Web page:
For India, the Iran-Saudi deal itself is not a bad thing, if it brings about greater regional stability. And, it might also open up other opportunities for engagement with the two West Asian states, where India does not need to worry about offending either party. But can India take advantage of the situation? 

What is also a matter of worry is that the deal shines an uncomfortable light on India’s lack of influence in the region. Given its proximity and cultural links to the region, apart from economic and political ones, New Delhi should have had a role in bringing the two traditional foes together. Instead, China’s role suggests its influence outstrips that of India’s by a distance.

The fact that our Ministry of External Affairs waited several days for its regular media briefing to react to the deal – with a colourless ‘India has always advocated dialogue and diplomacy as a way to resolve differences’– seems to suggest a degree of surprise and unease at the Chinese role. If India had to ignore the Chinese role altogether, it could very well have responded immediately, as the Americans did.

  • None

    We believe that India is and was strong and powerful to stand against the pressure of the West... India is a rising power. India has a powerful economy. So, India could easily resist pressure from the US and the West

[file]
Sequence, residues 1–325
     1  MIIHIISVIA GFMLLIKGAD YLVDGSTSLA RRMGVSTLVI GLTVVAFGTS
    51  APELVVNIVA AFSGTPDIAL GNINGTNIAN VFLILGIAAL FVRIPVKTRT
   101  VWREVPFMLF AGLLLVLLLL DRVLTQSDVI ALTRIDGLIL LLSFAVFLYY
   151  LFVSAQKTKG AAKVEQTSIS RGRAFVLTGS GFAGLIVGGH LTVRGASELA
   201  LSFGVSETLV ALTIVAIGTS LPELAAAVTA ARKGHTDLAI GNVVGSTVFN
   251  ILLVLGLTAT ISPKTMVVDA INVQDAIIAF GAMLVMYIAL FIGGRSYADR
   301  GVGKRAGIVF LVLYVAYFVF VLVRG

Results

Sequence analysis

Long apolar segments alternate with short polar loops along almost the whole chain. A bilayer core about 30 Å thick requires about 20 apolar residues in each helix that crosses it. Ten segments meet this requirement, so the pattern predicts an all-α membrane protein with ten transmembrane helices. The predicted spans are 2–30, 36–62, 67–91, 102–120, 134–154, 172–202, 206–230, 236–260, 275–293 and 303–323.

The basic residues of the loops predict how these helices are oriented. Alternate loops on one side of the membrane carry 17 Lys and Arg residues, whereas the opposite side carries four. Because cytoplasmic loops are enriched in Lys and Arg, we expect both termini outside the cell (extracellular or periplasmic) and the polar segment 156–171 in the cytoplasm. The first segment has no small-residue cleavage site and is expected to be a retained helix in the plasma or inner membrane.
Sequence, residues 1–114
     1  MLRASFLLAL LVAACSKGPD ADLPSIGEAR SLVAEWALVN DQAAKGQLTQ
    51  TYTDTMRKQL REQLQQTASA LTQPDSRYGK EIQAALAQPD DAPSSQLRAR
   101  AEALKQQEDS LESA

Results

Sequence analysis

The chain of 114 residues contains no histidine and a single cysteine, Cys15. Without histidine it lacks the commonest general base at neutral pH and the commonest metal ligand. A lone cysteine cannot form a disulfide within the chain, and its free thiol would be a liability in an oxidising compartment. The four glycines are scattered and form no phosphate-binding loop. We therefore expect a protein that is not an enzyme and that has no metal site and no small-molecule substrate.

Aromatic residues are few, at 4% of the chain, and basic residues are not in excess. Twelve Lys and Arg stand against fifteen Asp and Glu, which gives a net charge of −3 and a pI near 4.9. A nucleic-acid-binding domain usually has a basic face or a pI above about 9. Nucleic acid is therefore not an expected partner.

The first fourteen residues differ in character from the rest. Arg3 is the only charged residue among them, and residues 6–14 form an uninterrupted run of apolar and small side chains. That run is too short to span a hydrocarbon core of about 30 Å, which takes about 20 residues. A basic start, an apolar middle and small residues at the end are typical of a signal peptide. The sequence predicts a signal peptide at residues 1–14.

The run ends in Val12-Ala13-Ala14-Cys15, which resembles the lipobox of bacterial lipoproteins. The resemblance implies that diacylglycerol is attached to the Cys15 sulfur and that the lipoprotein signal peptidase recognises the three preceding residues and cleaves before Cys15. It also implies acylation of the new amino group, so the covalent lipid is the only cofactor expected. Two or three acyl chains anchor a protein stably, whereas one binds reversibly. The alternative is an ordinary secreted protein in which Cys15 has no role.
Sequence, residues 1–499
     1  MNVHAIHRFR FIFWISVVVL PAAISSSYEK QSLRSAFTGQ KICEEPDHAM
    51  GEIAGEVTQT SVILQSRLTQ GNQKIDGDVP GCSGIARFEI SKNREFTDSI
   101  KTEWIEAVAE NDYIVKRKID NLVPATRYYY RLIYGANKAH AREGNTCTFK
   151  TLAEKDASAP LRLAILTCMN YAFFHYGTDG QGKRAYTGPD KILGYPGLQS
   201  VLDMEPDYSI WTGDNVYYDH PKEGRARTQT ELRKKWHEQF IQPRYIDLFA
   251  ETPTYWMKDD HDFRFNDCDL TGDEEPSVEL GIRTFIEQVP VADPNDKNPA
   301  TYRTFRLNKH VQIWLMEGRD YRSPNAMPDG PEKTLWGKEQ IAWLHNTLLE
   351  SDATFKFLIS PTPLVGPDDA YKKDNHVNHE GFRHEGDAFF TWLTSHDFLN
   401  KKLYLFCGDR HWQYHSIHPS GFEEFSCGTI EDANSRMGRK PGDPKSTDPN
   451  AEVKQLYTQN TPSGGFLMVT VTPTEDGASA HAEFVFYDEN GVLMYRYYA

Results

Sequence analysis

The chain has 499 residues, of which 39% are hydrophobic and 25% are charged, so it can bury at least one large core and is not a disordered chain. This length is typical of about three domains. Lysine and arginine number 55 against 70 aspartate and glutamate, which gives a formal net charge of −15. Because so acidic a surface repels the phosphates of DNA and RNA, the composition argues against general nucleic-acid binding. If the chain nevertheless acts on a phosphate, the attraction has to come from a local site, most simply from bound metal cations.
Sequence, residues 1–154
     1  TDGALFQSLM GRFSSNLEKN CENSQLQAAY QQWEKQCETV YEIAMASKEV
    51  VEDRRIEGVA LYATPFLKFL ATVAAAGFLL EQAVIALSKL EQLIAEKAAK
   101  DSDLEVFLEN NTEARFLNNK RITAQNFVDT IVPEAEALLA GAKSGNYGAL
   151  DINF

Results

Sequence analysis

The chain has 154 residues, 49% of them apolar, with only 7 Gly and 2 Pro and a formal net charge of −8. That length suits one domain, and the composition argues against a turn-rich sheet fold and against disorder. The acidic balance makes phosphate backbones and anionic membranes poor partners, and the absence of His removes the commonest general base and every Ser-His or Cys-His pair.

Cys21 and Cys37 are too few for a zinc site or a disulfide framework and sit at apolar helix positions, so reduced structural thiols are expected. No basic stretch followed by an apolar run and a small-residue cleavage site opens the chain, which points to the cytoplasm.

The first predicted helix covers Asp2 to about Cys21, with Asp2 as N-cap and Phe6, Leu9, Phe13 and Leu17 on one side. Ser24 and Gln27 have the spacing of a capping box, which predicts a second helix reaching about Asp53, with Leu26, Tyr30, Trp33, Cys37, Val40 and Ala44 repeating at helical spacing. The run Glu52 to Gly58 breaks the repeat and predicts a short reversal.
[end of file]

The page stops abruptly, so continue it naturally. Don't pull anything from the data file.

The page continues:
Iraj Elahi, Iran’s ambassador to India

Continuous fall

New Delhi should have been more alert to the developments in the region on other fronts as well. In 2018-19, bilateral trade between New Delhi and Tehran stood at $17.03 billion. However, after a continuous fall – in 2021-22, it dropped to $1.9 billion. While India’s main exports comprised rice and tea, Iran shipped goods such as nuts, ammonia, apples, pears, pistachios, dates and almonds, among other items. Products including methanol, toluene, crude oil, liquified butane and propane, mineral base oil have also been coming into India from Iran.

Iran has been either the largest or second-largest importer of Indian basmati since 2014-15, according to government data. It was the largest importer of the commodity in 2017-18, 2018-19, 2019-20 and 2021-22. Iran imported 935,567 tonnes of basmati in 2014-15, and the amount peaked in 2018-19 at 1.4 million tonnes. The figure for 2022-23 was 998,879 tonnes. Iran was also the fourth largest buyer of Indian tea during 2022-23, with imports worth $68 million. But that may now change.